Much like Stereos in the 80s meant you could then think more about the music played (actually come to think of it it moved to formats – LP to tape to CD to MP3 to streaming) the innovation should be seen in apps, at least for now (though even there you’re up against people’s expectations of how a given app “should” work)

      1. Think bigger. There are other ways to input and display data as well as interact with it. There are other ways to link that data and manipulate it. There are also other ways to think about all of this.

      2. Well, I tried to think a bit bigger: like haptics. (Either sonic waves (tho maybe a bit too Dr Who) or surfaces that have some limited ability to raise part of themselves) Holograms would be nice… it’s pretty cool that there’s the Nintendo 3DS with some 3D without goggles, but that’s pretty limited.

        But you’re speaking of data – I mean input and manipulating and linking might have physical elements, but what are you thinking of? More Graphic Design and UX challenges? Or network/cloud stuff? (though again both of these don’t necessarily need hardware changes that would be fun for the tech writers to get into)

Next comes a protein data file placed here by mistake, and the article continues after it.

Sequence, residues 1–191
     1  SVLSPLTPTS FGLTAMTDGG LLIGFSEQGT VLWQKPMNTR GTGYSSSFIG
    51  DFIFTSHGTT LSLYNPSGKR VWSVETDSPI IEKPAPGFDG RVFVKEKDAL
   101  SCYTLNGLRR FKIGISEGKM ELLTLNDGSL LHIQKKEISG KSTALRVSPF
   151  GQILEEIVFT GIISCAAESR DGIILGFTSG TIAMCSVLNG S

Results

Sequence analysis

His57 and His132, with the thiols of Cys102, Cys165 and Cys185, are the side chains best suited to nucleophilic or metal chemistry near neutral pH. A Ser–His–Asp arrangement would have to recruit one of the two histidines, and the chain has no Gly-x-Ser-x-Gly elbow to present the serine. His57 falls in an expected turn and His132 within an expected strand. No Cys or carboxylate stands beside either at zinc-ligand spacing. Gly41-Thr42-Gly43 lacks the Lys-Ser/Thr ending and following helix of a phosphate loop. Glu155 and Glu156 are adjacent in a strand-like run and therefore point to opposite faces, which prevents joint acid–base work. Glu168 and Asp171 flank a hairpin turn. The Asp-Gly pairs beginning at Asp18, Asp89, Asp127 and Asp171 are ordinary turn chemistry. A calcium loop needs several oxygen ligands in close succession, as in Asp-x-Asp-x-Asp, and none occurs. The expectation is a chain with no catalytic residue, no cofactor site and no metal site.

(Oh, and regarding inputting data— Voice Recognition and Synthesis- that’s another Star Trek element we have in crude form now. Now when Scotty sat down at a Mac, “Hello, Computer” wouldn’t be quite such a laugh)

        But it’s one thing to urge people to “think bigger” and get all meta about how there are other ways of thinking about this, but what are some concrete examples? That’s where the rubber meets the road…. and I still stand by my earlier point, I think now that we all carry around little blank canvases, it’s not surprising the action is what goes on in those canvases, and not on the canvas itself…

  2. Shaun, whether or not you write tech articles every day, this site is still one of my favourites. There is always something interesting, whether it’s from you directly or one of the other community members.

    To the topic, I think at the moment, we are in a bit of a plateau as far as mobile is concerned. And I would include wearables. But computers and computing devices have always been enablers. Enablers for things you might not have thought you needed or wanted, but things you find you can’t do, or don’t want to do, without.